Image by Norman McBeath

The Annals of Sheer

Les Murray


The Annals of Sheer

Les Murray


Poem introduction

I keep a picture of my favourite phobia on the door of my study. It's a fear of a road with a drop on one side, a corniche. And this poem is taken from that picture - it's called 'The Annals of Sheer'.

The Annals of Sheer

The Annals of Sheer

Like a crack across a windscreen
this Alpine sheep track winds
around buttress cliffs of sheer
no guard rail anywhere
like cobweb round a coat
it threads a bare rock world
too steep for soil to cling,
stark as poor people's need.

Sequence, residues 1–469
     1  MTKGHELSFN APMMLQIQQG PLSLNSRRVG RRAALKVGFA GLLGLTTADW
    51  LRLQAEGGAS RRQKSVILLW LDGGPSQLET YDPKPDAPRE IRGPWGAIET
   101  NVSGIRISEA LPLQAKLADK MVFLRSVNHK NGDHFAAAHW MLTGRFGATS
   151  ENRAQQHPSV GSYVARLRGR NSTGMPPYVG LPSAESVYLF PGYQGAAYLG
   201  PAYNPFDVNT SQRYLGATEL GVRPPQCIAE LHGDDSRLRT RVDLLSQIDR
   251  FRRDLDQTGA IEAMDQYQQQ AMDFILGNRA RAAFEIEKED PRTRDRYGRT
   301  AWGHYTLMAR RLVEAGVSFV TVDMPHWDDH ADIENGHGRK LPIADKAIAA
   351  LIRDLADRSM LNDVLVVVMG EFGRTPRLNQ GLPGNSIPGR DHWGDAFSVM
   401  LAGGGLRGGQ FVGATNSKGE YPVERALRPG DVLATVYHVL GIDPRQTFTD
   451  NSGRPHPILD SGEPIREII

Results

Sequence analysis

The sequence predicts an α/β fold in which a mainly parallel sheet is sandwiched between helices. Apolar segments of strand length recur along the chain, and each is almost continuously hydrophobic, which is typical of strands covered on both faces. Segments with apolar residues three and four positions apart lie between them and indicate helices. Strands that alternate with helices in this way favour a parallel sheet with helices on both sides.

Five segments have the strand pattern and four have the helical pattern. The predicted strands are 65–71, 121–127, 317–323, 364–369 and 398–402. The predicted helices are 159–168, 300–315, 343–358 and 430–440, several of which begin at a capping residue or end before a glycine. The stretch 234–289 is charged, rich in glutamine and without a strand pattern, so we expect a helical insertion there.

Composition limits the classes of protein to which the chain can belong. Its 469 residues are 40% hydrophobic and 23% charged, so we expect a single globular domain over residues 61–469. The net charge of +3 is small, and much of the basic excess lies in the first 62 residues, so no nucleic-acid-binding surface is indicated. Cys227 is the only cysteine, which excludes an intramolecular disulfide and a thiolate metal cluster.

High plateau pasture must be great
and coming this way to it
or from it must save days
for men to have inched across
traverses, sometime since the ice age,
and then with knock and hammer
pitching reminders over-side
wedged a pavement two sheep wide.

In the international sign-code
this would be my pictograph for
cold horror, but generations
have led their flocks down and up
this flow-pipe where any spurt
or check in deliberate walking
could bring overspill and barrelling
far down, to puffs of smash, to ruin

which these men have had
the calm skills, on re-frozen
mist footing, to prevent
since before hammers hit iron.


from New Collected Poems (Carcanet, 2003), copyright © Les Murray 2003, used by permission of the author and the publisher.

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